Tackling tax avoidance
The Government announced its intention to consult on several anti-avoidance measures. This includes arrangements using trusts and other vehicles to reward employees as announced in March 2010. Legislation will take effect from April 2011. It will also review whether the introduction of a general anti-avoidance rule (GAAR) would be appropriate.
2. Personal and Employment Taxes
Capital Gains Tax (CGT): rates and Entrepreneurs’ relief
A new rate of CGT of 28% (currently 18%) is introduced from 23 June 2010 and will apply to all gains arising on or after that date. It applies for individuals with total taxable income and gains above the upper limit of the basic rate income tax band (£37,400 for 2010/11), trustees and personal representatives of deceased persons. Otherwise the rate of CGT will remain at 18%, for individuals.
Although the anticipated rise in the rate of CGT for higher rate taxpayers has not been aligned with the rate of income tax as first anticipated, a further increase has not been ruled out for 2011/12.
The Annual Exempt Amount remains unchanged at £10,100 for 2010/11.
The rate of CGT on gains qualifying for entrepreneurs’ relief is unchanged at 10% but the lifetime limit on gains will increase from £2 million to £5 million.
Budget announces that in 2011-12, the income tax personal allowance for under 65s will be increased by £1,000 in cash terms, taking it from £6,475 in 2010-11 to £7,475 in 2011-12. To ensure that the majority of higher rate taxpayers will pay the same total level of income tax and National Insurance Contributions (NICs) as previously planned, the Government will also reduce the basic rate limit for tax by £2,500, and the upper earnings and profits limits for NICs by £1,650, based on current estimates of the Retail Prices Index (RPI). Exact figures for the basic rate limit and higher rate threshold will be confirmed in the autumn.
The increases in employer’s and employee’s NIC rates as announced by the previous Labour government are still in place. However the threshold at which the employers will start to pay has increased by £21 per week above indexation.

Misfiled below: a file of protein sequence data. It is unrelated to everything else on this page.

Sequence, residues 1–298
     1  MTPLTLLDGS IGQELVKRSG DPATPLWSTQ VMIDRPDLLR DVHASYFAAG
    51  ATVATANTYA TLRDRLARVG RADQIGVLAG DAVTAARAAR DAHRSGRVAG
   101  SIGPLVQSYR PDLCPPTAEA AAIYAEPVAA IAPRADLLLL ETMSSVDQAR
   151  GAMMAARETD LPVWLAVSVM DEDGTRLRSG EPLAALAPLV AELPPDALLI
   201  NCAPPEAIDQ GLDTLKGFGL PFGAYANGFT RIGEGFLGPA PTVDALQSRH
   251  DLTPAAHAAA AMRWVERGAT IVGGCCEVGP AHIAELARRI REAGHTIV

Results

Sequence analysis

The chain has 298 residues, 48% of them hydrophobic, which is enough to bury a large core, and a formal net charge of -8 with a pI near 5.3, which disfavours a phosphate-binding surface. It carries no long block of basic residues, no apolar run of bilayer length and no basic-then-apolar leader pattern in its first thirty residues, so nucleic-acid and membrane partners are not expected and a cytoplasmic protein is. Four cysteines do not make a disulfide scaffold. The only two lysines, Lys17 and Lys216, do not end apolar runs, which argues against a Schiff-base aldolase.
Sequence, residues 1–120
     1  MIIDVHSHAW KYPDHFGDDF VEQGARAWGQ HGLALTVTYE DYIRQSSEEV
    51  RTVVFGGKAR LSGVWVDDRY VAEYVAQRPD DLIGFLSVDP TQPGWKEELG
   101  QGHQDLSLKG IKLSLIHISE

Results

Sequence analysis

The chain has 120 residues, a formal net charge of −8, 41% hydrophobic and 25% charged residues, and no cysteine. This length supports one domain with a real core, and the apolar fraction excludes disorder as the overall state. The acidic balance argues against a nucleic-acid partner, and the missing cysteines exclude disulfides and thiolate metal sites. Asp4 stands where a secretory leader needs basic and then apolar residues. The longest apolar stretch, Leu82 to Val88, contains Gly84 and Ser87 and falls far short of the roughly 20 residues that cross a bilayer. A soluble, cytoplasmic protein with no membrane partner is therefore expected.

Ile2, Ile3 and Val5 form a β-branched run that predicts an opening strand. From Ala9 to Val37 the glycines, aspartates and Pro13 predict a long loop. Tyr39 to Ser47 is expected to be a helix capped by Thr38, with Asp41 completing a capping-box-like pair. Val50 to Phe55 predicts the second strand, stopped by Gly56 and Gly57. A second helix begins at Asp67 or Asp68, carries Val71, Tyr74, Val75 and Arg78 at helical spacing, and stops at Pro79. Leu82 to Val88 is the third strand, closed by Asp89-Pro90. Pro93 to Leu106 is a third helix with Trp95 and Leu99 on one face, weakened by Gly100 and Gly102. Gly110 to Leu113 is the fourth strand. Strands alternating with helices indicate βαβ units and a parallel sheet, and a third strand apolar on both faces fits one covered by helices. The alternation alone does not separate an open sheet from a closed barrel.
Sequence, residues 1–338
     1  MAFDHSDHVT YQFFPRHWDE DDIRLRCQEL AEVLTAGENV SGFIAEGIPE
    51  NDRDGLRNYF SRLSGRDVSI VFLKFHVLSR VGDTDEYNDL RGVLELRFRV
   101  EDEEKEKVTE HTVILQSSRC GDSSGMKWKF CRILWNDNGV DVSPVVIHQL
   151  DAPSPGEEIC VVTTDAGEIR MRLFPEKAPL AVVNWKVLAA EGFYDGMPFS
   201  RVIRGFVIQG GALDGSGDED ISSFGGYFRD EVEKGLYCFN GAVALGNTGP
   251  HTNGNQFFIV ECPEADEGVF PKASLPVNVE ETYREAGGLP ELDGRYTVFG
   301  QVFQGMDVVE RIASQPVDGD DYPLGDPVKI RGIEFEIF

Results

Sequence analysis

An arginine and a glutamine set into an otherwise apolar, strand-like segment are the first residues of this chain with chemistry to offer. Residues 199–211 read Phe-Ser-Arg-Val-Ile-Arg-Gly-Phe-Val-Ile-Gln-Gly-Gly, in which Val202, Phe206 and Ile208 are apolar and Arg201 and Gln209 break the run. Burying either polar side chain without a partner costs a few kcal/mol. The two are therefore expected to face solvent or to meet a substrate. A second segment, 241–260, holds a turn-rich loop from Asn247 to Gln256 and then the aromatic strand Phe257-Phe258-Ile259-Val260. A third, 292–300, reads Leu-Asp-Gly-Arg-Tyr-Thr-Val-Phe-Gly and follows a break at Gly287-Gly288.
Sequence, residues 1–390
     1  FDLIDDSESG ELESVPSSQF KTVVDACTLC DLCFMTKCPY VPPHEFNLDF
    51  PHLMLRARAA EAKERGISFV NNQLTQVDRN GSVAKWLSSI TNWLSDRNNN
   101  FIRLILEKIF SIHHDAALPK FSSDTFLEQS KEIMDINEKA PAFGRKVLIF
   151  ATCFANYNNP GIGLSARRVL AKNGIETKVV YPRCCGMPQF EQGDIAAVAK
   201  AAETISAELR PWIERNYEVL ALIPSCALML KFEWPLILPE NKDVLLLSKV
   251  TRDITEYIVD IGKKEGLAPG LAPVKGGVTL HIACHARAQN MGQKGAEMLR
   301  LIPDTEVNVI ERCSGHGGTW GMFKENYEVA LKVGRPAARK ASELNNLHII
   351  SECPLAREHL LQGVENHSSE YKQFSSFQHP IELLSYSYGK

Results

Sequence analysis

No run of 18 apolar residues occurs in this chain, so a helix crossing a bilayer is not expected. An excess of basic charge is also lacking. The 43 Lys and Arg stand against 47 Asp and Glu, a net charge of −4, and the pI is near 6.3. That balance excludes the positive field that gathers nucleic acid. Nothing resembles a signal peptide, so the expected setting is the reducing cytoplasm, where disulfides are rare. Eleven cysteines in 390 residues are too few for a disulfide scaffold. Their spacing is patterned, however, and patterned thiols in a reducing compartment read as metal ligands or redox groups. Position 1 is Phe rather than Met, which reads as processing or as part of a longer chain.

The upper earnings limit and the upper profits limit will maintain alignment with the income tax higher rate threshold. Employee and employer rates
(Class 1 primary)
(Class 1 secondary)
Earnings per week
Below primary threshold / secondary threshold
Above primary threshold/ secondary threshold*
Above upper earnings limit
*Reduced rate for married women between primary threshold and upper earnings limit is 4.85 per cent for 2010-11 and 5.85 per cent for 2011-12. The reduced rate applies to women married before 6 April 1977 who have elected to pay a reduced rate of class 1 contributions.
Class 2 (per week)*
Profits per year
Below small earnings exception
Small earnings exception to lower profits limit
Not available **
Lower profits limit to upper profits limit
Not available **
Above upper profits limit
Not available **
*Class 2 NICs are paid at a weekly flat rate of £2.40 by all self-employed persons. Those with profits less than, or expected to be less than, the level of the small earnings exception may apply for exemption from paying Class 2 contributions.
**The exact figure for Class 2 for 2011-12 will be determined by data available in the autumn.
Regional employer NIC holiday for new businesses
There will be a regional employer NIC holiday for New businesses setting up in certain regions during a 3 year qualifying period. They will not have to pay the first £5,000 of employer’s Class 1 NICs due in the first 12 months of employment for each of the first ten employees hired in the first year of business. The exact criteria for qualifying for the scheme will be published shortly.
The countries and regions which will benefit will be Scotland, Wales, Northern Ireland, the North East, Yorkshire and the Humber, the North West, the East Midlands, the West Midlands and the South West.